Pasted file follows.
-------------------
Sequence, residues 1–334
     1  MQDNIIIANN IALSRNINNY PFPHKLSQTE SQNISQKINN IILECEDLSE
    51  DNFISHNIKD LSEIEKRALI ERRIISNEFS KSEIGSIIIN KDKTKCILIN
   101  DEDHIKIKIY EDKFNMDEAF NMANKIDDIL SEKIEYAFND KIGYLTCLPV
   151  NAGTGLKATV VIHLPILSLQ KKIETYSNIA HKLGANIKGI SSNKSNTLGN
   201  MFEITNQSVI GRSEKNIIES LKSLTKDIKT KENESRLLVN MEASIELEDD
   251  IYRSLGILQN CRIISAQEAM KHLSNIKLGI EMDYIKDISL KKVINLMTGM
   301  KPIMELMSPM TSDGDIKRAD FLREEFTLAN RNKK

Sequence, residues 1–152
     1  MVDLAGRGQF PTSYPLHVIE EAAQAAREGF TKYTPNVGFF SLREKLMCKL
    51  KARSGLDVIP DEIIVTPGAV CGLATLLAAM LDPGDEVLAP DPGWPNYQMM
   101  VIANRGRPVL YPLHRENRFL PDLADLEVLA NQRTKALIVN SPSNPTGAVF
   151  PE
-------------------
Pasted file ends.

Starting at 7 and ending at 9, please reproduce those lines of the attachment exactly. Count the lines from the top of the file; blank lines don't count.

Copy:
   251  IYRSLGILQN CRIISAQEAM KHLSNIKLGI EMDYIKDISL KKVINLMTGM
   301  KPIMELMSPM TSDGDIKRAD FLREEFTLAN RNKK

Sequence, residues 1–152